At the age of 13, I started working part-time. By the time I graduated from high school, I had over $4000 in savings. I used some of that money to buy myself a laptop and a camera for college.

When I finished my undergraduate studies, I saved over $10,000 in my bank account. I had scholarships to cover all my tuition, fees and living expenses. I also worked part-time. With that amount of money in my bank account at age 22, I felt rich!

money talk with my toddler

My Husband’s Story with Money

When I was a child, my father was a truck driver and my mother worked at a photo lab. Neither of them had a high paying job, but both tried hard to make sure my brothers and I were taken care of financially. 

Somehow, I learned to be mindful about money as a young child. I recall going to the grocery store with my father and brothers when I was about 6 years-old and paying attention to the unit price of items. I even took items out of the cart that my younger brothers put in and placed them back onto the shelves. When I was 10 years-old, I helped my father balance his checkbook.

At 13-years-old, I had my first part-time job. I worked throughout high school and college. When I was in middle school, my father told me I’d have to find my way to fund my college education. Since that day, I was determined to become the validictorian in my high school class. And I did. I received a full scholarship ride to attend college. Once I graduated from college, I secured a full-time position with the company at which I was working seasonally.

The Money Story I Hope My Daughter Will Have

Continue Reading

Spread the message. Encourage others to begin their financial learning!
Financial Freedom, Financial Planning, Investment, Money Habits, Retirement Planning

Money Makes Money: January 2017 Non-W2 Income Report

February 3, 2017

Last month, I started sharing our non-W2 monthly incomes. In that article, I also shared why we’re doing this on the blog. Yesterday, my husband and I summed our financial numbers. Below is a chart listing our non-W2 income sources and totals for January 2017.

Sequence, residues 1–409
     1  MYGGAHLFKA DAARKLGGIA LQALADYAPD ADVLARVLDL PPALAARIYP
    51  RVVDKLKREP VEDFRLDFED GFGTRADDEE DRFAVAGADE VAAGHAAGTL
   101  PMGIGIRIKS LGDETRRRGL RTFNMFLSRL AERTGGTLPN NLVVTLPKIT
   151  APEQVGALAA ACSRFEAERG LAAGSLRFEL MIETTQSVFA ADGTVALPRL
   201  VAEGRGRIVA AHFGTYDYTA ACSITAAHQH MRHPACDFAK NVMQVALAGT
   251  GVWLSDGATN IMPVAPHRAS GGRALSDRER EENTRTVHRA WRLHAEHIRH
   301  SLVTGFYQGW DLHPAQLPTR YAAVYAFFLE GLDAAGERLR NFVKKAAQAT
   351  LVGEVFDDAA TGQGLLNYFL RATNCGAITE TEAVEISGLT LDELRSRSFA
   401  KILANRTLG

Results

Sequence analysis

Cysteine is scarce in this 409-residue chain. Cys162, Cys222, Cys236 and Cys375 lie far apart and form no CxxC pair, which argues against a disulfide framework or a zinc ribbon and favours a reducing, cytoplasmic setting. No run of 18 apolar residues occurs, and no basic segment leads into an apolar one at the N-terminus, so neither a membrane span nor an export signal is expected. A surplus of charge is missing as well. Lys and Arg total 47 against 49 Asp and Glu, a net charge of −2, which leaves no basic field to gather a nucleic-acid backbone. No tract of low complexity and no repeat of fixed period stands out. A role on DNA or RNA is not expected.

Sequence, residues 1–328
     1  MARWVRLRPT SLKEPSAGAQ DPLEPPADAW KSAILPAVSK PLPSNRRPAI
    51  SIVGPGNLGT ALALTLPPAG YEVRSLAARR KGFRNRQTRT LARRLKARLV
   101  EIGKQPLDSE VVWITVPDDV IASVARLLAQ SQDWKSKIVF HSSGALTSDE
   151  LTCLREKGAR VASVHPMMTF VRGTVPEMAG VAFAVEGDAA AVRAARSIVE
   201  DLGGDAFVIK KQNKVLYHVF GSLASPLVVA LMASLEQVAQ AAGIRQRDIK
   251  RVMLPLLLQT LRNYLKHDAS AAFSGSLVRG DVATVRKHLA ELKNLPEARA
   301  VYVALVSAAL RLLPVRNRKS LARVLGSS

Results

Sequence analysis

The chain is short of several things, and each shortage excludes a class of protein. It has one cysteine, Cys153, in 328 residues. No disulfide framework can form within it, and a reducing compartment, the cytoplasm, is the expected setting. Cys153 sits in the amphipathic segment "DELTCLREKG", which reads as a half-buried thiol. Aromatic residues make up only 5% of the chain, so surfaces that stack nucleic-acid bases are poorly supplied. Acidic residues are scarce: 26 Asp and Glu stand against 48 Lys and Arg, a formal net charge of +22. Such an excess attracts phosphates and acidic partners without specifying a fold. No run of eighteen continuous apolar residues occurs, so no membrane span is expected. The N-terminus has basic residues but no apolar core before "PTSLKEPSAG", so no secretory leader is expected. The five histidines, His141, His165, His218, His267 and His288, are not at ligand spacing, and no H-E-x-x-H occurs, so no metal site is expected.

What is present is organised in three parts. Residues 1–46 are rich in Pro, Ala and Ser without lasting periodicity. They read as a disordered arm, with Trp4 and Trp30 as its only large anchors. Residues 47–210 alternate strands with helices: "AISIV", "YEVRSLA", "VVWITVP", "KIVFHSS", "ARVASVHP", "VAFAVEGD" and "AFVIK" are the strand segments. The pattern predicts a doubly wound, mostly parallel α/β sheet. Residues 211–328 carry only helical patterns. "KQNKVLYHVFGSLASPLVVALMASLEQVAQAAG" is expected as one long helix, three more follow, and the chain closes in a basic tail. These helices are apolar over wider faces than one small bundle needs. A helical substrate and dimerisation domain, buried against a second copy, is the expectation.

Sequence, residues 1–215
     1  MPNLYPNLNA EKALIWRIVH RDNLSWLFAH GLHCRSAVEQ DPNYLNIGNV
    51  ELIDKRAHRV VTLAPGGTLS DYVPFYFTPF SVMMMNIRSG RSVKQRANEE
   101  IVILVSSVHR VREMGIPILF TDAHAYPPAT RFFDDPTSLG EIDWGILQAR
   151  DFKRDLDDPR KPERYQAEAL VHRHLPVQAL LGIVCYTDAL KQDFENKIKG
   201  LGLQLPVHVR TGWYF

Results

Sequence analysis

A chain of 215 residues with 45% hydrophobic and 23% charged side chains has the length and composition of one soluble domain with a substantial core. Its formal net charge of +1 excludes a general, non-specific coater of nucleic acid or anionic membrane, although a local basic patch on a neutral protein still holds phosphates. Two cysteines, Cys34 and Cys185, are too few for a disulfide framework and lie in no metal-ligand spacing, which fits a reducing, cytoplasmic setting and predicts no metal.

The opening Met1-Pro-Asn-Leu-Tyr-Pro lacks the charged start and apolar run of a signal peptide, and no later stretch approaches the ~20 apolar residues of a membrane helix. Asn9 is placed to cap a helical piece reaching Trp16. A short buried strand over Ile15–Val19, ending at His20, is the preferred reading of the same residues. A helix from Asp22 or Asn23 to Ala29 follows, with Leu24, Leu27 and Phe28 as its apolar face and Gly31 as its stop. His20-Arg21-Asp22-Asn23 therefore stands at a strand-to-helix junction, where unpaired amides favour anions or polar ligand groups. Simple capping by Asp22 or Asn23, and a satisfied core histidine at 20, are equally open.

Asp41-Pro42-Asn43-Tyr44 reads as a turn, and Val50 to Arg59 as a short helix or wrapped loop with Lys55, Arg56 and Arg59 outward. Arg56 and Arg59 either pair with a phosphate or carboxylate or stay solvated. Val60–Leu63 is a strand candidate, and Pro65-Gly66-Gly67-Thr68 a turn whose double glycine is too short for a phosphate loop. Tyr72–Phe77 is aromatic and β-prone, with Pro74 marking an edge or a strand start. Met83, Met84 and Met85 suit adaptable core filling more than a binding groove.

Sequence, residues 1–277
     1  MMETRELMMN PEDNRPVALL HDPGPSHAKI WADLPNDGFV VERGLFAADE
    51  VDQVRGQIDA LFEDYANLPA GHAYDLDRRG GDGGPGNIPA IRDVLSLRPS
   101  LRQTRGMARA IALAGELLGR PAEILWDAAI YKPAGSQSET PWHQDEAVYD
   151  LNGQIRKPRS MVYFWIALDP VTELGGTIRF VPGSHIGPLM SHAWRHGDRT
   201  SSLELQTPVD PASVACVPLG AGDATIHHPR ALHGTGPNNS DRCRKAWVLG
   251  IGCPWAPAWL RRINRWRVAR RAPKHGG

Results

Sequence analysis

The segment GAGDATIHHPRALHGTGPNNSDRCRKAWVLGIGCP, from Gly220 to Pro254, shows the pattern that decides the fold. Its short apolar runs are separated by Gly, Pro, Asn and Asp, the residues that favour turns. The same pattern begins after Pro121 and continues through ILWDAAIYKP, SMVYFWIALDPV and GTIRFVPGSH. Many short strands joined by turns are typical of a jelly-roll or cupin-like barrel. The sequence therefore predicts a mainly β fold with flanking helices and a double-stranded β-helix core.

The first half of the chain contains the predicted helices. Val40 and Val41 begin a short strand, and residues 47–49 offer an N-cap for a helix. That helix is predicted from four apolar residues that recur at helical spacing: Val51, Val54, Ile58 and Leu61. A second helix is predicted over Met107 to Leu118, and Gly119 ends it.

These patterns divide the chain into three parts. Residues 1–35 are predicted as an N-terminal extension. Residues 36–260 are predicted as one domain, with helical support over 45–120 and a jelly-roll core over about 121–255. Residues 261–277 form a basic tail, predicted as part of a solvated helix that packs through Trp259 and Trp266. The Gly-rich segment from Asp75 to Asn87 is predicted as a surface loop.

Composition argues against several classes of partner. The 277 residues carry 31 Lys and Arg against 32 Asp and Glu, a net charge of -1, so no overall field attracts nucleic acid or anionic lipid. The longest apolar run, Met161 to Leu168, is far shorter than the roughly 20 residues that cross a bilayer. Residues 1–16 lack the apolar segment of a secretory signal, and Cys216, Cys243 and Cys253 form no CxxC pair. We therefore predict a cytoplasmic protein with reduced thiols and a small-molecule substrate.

January 2017 non-w2 income

As anticipated in last month’s report, we expected January’s numbers to be much lower compared to those of December 2016.

From my understanding, most early retirees in the Financial Independence and Retiring Early (FIRE) community fall in one of two groups when it comes to funding their early retirement lifestyles:

Continue Reading

Spread the message. Encourage others to begin their financial learning!
Financial Independence, Financial Journey, Financial Planning, Lifestyle, Money Habits, Money Psychology, Purchase Decisions

Three Ways to Enjoy Today While Building and Maintaining a High Savings Rate

February 2, 2017

On the Path to Financial Independence

As you work toward your financial goals, does it sometimes seem like you’re sacrificing too much today just so you can have a better life tomorrow?

If that’s the case for you, you might be having mixed feelings. I know I’m too familiar with these feelings. A bunch of high days were mixed in with a bunch of low days. There were times when I wished my days away as I eagerly waited to taste the life of having reached millionaire status. During those periods of time, I was not living in or enjoying the present moment. I did not want to spend any money other than the absolute necessary. All I focused on was reaching the million-dollars goal. In that process, I neglected myself in many ways. I went through emotional struggles and have shed lots of tears.

high savings rate

The path to financial independence is not an easy one. There’s no shortcut. Even those who are very disciplined and hardcore (with high savings rates) still take anywhere from 7 to 20 years to get there.

For some of us, we’re okay taking our time. A 20-year horizon is not so bad. For some of us, even a two-year time frame is almost unbearable (and each of us have our own reasons). If you’re in the latter group, sometimes, it’s easy to get into the danger zone of depriving ourselves when we think we’re only being frugal (the gray area between being frugal and feeling self-deprived can be blurry).

When prolonged self-deprivation is left unnoticed, we could be putting our health and our financial plans in jeopardy. Not only is self-deprivation unhealthy, this behavior can lead to the resentment of oneself and others who are in the same team as you (such as your spouse and/or children).

Recently, I caught myself going down the self-deprivation slope. My emotions were strong. In this article, I’m sharing my story. I also recommend three ways for you to stay on course to reach your savings goal without going into self-deprivation mode.  

Continue Reading

Spread the message. Encourage others to begin their financial learning!